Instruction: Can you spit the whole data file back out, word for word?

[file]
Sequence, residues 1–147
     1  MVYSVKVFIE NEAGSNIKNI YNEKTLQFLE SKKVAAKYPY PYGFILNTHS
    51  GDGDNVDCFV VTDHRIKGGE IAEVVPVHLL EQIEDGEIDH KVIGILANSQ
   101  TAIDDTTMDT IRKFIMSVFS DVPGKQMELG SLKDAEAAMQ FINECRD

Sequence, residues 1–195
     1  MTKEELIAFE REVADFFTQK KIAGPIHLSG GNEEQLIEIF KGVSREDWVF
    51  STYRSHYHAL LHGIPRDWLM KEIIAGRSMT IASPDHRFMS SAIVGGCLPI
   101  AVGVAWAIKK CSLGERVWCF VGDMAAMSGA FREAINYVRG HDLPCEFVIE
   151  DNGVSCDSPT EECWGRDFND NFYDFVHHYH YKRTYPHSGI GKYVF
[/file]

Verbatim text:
Sequence, residues 1–147
     1  MVYSVKVFIE NEAGSNIKNI YNEKTLQFLE SKKVAAKYPY PYGFILNTHS
    51  GDGDNVDCFV VTDHRIKGGE IAEVVPVHLL EQIEDGEIDH KVIGILANSQ
   101  TAIDDTTMDT IRKFIMSVFS DVPGKQMELG SLKDAEAAMQ FINECRD

Sequence, residues 1–195
     1  MTKEELIAFE REVADFFTQK KIAGPIHLSG GNEEQLIEIF KGVSREDWVF
    51  STYRSHYHAL LHGIPRDWLM KEIIAGRSMT IASPDHRFMS SAIVGGCLPI
   101  AVGVAWAIKK CSLGERVWCF VGDMAAMSGA FREAINYVRG HDLPCEFVIE
   151  DNGVSCDSPT EECWGRDFND NFYDFVHHYH YKRTYPHSGI GKYVF